It appears that agreement has been reached between the co-legislators on some of the hotly contested details of the legislation, including: the definition of the value chain in scope; application of obligations to the financial sector; and penalties and civil liability for non-compliance.

Large companies, including those in the financial sector, reportedly must adopt a plan ensuring their business model complies with limiting global warming to 1.5°C. This may have significant implications for companies’ current voluntary net-zero commitments and transition plans.

Scope of the Directive

The deal reached by the Council and the Parliament reportedly fixes the scope of the CSDDD on:

  • EU companies having more than 500 employees and a net worldwide turnover of €150 million (although lower thresholds will apply for companies in certain “high-risk sectors”); and
  • non-EU companies with €150 million net turnover generated in the EU (although there are some discrepancies regarding the applicable thresholds between the three press releases). The Council press release reports that the Commission will be tasked with publishing a list of in-scope non-EU companies.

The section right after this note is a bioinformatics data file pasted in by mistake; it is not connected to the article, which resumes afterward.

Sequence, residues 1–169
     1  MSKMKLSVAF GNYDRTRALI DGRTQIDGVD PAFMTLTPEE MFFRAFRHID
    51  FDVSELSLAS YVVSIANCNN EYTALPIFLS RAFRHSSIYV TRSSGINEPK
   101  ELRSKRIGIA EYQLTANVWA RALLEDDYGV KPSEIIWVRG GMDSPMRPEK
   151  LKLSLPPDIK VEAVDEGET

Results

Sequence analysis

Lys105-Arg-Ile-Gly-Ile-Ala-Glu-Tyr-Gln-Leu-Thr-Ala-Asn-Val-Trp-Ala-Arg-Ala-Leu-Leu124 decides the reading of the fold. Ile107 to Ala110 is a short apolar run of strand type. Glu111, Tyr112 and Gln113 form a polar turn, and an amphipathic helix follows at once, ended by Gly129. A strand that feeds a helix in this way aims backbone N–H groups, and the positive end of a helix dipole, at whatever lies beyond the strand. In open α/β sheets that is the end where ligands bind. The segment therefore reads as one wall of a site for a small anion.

While small- and medium-sized enterprises appear to be outside the scope of the Directive, they will nonetheless likely be impacted indirectly by the due diligence that in-scope companies will be required to do on their value chains.

Date of Application

It is not clear from public information when the CSDDD will apply to EU and non-EU companies. As a Directive, the CSDDD will first need to be transposed into the national law of the EU Member States (as well as in Iceland, Liechtenstein, and Norway) to apply to companies. Under EU law, Member States are usually given two years for this transposition. Some sources suggest that the CSDDD will start to apply to the largest companies in 2027 and then pull additional companies into scope in the two subsequent years (i.e., 2028 and 2029).